Pakistani actor Adnan Siddiqui is known for his TV work, but he also holds the distinction of having worked in three film industries – Hollywood, Bollywood and Lollywood, the name given to his country’s movie sector.
While he has been acting for over two decades, the 48-year-old model-turned-actor made his big screen debut only in 2007 in A Mighty Heart, a Hollywood drama that starred Angelina Jolie.
In 2016, he acted in the Pakistani war film Yalghaar. And his first appearance in a Bollywood movie, last year’s drama thriller Mom, is significant because it was the last to star Indian screen icon Sridevi, who died of an accidental drowning in February 2018.
In a phone interview from Pakistan, Adnan says he has mixed feelings about playing Sridevi’s husband in the film, which was a critical and commercial success. “I’m happy that I worked with her, but it’s a sad moment as well because it was her last movie,” he says.
Not many Pakistani actors have managed to cross into the lucrative Bollywood industry, notes Adnan. “When you are working abroad, you’re an ambassador for your country, so the impression you are giving about your country is important.”
The bulk of his work takes place in Pakistan. He has also taken on producing and directing, and recently started a production house, Cereal Entertainment Company, that makes drama serials.
The avid sportsman who is part of a charity fundraising cricket team made up of Pakistani celebrities, Adnan says his career in showbiz was never planned and that he takes each day as it comes.
“I just plan for the day, I don’t plan for life. Life is very unpredictable, I’ve been taking life as it goes by, but thank God, so far so good,” says Adnan, who is married and has two daughters aged 13 and 10, and a son aged eight.
“I started my career as a model, then I came into acting, then I went into production, and then made movies. Maybe in the future, I want to do more movies, do more big productions, open a film school.”
You have acted in films that feature two popular and influential actresses, American star Angelina Jolie and Bollywood icon Sridevi. What were the experiences like for you?
All these actors such as Angelina Jolie, there’s always a reason why they are big actors. And what I found was that they are very nice human beings. Working with Angelina Jolie, I found her down-to-earth, humble, hospitable, friendly, and that makes her a big star.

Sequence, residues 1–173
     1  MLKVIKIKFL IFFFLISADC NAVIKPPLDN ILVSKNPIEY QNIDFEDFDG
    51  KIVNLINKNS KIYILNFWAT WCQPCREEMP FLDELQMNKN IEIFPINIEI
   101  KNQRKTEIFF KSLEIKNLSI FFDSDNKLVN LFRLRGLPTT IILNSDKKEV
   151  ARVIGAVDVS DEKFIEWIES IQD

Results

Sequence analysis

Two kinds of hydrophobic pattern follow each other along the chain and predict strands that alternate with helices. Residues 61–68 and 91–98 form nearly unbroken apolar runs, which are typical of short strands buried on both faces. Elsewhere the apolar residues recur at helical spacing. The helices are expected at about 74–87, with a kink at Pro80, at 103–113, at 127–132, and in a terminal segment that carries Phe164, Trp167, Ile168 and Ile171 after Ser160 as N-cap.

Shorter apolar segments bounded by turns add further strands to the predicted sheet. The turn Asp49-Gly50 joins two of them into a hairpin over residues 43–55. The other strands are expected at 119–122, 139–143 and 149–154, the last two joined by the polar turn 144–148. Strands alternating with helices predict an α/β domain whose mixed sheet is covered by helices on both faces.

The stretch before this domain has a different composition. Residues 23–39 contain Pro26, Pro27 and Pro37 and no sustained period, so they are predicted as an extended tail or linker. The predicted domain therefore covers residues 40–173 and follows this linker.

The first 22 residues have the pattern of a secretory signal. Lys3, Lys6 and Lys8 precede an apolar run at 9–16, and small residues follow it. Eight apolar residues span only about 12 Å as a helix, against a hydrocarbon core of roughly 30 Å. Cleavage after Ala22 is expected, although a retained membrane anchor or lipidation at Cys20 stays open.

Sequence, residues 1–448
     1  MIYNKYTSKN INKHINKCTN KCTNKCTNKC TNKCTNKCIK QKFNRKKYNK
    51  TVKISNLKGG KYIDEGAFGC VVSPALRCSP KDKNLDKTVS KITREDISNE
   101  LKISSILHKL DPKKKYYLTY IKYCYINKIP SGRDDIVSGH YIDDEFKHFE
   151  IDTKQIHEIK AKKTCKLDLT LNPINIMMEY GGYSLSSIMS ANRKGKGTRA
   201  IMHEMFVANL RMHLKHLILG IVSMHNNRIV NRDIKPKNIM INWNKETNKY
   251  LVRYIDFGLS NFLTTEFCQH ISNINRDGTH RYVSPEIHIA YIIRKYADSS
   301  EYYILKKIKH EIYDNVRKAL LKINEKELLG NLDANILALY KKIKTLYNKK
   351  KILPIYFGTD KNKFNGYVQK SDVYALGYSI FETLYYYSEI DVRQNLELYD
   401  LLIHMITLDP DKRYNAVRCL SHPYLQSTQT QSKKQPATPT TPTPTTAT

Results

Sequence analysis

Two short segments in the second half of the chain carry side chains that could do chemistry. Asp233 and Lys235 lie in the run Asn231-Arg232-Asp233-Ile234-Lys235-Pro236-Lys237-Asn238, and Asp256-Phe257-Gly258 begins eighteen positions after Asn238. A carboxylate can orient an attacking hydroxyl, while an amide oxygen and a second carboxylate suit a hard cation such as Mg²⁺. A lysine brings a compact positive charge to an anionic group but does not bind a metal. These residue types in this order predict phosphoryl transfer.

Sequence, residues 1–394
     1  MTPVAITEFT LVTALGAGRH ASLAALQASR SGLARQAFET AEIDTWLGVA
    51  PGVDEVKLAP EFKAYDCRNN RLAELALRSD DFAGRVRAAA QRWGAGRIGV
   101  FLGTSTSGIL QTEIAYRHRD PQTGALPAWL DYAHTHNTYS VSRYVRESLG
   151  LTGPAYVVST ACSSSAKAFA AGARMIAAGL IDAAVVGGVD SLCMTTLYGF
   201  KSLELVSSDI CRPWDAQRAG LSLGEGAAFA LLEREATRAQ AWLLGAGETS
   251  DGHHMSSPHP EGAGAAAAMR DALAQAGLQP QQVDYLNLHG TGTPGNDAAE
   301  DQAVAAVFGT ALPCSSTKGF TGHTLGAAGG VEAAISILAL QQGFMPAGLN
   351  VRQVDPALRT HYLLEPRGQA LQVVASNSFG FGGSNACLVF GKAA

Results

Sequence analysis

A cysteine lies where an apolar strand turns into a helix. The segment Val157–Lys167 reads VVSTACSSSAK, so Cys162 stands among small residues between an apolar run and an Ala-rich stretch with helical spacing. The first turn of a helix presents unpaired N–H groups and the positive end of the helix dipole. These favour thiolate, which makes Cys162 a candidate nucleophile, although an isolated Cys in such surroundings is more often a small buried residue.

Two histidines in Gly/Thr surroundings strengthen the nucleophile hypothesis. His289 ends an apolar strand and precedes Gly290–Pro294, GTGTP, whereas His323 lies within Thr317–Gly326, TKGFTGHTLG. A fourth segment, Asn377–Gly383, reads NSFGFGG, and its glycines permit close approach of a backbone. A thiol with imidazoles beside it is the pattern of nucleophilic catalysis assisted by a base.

Sridevi was a woman of few words but what I remember best was the way she took care of me and my co-star from Pakistan. She made sure we were taken care of properly, that we were kept in the best-of-the-best conditions.
What was it like to make the jump from television to cinema?
It’s every actor’s dream to be on the big screen. There is a vast difference, when you see yourself bigger than life – it looks beautiful. Unfortunately, the silver screen scene is not so big in Pakistan – television is considered to be the bigger medium. But the film scene is growing in Pakistan and we have what we call the new cinema being made here. Eventually, it will do good. We are making some good movies.
How do you decide which roles to take on?
Acting is about challenges. I’ve been acting for almost 28 years, I’ve done all kinds of roles. If you’re not passionate about your role, then I think you shouldn’t be doing it. When I read a script and feel it is good enough for me, that it has a lot of meat for me, I accept that role. If the script is strong, the role will be good.
Besides your acting work and cricket, what else are you busy with?
My new hobby is riding horses. I recently bought a horse, she’s called Ladoo. I realise it’s an expensive hobby. Before every ride, I have to pamper her a lot first – feed her apples, take her around, massage her.
Do you foresee your children following in your footsteps and entering show business?
If I’m doing something, how can I ask them not to do it? If I’m doing something, then it’s not bad. I just say that every field has some good and some bad. I tell them, “Be honest, be nice to people, be humble and be dedicated to your work”. Whatever they do, they should do it with honesty – whether it’s acting or studying.
How would you like to be remembered?
I want to be a good example to the next generation. If I’m not bringing a smile to their faces or happy moments to their lives, then I haven’t done good, I’ve wasted my years. So whatever I do, I want it to bring a smile to their faces whenever they remember me. – The Straits Times/Asia News Network